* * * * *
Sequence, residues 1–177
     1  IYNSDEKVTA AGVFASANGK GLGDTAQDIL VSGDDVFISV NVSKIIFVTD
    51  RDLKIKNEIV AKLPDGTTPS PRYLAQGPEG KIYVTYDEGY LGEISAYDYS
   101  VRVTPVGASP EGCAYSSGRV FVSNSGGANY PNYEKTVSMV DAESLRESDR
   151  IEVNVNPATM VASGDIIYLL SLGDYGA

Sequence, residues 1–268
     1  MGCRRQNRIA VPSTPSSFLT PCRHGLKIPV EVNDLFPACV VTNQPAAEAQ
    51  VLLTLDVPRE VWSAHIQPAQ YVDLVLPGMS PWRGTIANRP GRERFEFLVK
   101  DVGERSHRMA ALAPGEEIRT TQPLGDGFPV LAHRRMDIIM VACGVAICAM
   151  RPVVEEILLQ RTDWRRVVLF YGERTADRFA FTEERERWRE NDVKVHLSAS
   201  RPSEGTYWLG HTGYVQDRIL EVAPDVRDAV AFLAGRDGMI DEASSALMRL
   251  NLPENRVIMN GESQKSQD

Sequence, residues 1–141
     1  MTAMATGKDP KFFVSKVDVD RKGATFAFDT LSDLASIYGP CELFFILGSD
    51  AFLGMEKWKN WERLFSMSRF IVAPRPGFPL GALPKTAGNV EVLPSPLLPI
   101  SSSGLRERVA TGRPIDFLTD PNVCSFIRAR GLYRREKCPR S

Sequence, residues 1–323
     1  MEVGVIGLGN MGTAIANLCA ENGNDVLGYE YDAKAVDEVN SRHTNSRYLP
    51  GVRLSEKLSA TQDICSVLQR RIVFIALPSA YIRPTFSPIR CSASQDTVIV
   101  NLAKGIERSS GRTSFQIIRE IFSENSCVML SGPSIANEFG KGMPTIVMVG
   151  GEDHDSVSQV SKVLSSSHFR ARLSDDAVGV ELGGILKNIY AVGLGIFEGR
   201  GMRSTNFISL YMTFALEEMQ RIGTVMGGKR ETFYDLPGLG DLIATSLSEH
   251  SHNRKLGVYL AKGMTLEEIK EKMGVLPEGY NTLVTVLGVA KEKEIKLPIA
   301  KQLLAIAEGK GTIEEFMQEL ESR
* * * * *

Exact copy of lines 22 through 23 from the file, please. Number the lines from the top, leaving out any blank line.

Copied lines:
   201  GMRSTNFISL YMTFALEEMQ RIGTVMGGKR ETFYDLPGLG DLIATSLSEH
   251  SHNRKLGVYL AKGMTLEEIK EKMGVLPEGY NTLVTVLGVA KEKEIKLPIA